Tuesday, March 15, 2011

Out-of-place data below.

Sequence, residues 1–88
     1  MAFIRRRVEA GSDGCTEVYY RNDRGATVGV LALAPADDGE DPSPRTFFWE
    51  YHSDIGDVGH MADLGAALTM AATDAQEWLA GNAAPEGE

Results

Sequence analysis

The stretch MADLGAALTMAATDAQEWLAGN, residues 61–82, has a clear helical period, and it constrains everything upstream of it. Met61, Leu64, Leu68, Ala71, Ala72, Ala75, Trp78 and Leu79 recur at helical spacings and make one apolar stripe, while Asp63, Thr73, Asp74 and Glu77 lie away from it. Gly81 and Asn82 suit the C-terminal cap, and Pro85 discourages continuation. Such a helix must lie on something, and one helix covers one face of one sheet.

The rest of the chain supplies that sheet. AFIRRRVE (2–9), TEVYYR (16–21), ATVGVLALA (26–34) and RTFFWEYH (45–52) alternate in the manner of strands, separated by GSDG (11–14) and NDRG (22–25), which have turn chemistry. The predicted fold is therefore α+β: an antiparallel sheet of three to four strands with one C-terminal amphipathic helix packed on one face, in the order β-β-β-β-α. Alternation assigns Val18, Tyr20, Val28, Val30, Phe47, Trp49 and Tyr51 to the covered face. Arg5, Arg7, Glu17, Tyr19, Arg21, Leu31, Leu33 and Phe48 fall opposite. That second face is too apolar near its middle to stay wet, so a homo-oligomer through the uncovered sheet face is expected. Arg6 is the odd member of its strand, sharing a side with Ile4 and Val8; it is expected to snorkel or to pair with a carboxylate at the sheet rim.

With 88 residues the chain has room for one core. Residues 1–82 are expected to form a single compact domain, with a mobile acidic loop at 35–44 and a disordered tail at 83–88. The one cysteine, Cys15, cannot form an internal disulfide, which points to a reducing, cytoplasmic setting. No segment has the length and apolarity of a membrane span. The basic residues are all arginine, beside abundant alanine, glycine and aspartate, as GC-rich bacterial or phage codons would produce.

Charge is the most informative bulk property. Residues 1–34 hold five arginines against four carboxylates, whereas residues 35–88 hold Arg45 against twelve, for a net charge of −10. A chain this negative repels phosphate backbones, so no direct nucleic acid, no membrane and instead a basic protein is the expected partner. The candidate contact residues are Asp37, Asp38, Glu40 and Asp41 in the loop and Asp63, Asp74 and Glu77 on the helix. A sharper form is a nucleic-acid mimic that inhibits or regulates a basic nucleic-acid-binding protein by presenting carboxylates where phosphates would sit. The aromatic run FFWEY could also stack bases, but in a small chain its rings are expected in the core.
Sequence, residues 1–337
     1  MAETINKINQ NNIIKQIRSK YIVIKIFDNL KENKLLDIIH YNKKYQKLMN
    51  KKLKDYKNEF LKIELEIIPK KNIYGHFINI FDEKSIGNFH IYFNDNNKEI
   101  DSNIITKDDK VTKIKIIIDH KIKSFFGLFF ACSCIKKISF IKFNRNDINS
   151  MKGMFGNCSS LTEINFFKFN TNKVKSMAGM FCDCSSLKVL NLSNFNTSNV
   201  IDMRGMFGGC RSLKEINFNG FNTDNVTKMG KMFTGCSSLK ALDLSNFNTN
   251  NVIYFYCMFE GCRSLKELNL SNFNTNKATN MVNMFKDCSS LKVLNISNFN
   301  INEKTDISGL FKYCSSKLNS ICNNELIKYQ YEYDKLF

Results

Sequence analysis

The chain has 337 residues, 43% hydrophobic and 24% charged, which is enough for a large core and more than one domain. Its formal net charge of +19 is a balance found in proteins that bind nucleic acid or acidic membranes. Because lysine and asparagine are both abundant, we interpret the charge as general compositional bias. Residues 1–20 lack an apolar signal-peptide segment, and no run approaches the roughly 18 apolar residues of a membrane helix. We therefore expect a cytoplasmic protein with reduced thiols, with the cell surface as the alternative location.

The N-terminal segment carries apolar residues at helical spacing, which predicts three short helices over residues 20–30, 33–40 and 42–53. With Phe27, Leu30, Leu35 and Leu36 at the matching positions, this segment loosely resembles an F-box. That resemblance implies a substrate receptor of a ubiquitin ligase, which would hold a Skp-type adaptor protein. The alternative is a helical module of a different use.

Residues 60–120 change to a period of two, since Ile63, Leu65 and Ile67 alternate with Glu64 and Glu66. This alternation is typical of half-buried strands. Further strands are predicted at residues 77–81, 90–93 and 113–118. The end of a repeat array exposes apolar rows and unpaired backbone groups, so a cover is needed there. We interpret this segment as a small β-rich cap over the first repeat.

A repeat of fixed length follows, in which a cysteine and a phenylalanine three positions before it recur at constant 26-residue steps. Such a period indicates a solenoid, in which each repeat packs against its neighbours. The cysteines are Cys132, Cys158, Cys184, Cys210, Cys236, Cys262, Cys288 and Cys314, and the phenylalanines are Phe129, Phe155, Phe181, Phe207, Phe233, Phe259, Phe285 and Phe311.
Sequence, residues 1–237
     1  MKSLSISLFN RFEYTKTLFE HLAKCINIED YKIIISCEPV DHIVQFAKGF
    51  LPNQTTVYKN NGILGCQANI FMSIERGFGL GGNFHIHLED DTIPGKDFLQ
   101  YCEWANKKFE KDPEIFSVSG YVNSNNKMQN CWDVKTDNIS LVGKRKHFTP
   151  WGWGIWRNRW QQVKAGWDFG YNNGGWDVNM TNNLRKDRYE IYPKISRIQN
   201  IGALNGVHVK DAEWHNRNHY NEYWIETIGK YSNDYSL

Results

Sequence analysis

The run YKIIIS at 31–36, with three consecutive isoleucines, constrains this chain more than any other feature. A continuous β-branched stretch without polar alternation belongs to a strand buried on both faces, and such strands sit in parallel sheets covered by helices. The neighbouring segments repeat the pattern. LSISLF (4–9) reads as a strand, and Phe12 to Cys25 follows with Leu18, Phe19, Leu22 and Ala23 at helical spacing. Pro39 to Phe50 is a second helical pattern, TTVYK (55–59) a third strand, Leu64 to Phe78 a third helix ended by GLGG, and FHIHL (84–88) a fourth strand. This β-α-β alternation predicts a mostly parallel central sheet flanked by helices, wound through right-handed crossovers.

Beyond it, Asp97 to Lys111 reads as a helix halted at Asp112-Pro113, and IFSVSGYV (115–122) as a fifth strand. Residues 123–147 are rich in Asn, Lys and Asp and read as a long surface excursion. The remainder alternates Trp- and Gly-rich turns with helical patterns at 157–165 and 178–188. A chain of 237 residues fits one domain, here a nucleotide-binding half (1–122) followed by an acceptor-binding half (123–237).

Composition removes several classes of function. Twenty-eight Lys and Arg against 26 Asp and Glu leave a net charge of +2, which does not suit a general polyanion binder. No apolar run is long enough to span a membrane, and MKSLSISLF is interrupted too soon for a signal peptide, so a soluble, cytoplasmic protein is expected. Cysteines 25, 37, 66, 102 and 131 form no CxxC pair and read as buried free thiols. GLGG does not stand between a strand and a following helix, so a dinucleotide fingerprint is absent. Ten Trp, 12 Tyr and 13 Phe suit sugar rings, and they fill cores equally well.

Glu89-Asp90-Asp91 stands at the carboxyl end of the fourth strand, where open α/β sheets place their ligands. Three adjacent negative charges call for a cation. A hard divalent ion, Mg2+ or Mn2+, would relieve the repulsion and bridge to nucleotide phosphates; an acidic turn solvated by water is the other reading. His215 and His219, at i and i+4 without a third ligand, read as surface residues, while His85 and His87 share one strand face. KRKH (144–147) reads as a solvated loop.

I haven't left the house in a while. Being a writer is odd. My work is in isolation both physically and mentally. However, I must live on the outside in the most intense climates, canvas all human possibilities, experience the harshness, follow the sacrifice, prick and bleed the emotion in order to give an audience something worth reading. The endless author/book/publishing projects pile up like cadavers needing to be buried. The stink distracts me from the writing, going for a walk, or enjoying a carefree night. My creativity lies somewhere under the rotting flesh of a book. A "book" is a product. It must sell just like a can of corn must sell. So, promotion and publicity is a constant pressure. A book is like a movie that never stops showing. Even the most famous writers, celebrities, and political figures appear on Larry King or Late Night TV to promote their work. A couple months ago I saw a painter on Jackson Square. Tied to the iron fence next to his paintings was a jar that said, "Tip here if you 'like' my paintings." It struck me how many times I have told an artist that I liked their work, but never bought a thing. My complaint isn't with book sales. It is with the relationship that exists between fame and poverty, social admiration and social isolation, brilliance and suffering. I do not live a charmed life on top of a mountain where I sit in front of a fireplace with a pipe poking out from the corner of my mouth while I contemplate poetic thoughts. I work my ass off more and more each year as I stay true to my dream to be and sustain being a published writer. I opted out of the pension plan, 401k, dental insurance, homeownership, and having a family--a normal life. I chose to be your poet. Each year I gain more success while life becomes more sterile, more alienated, more disjointed. People who I will never know about read my work, hear my story, watch me online or on TV. I always say, "I have secret admirers, distant acquaintances, but only a handful of friends."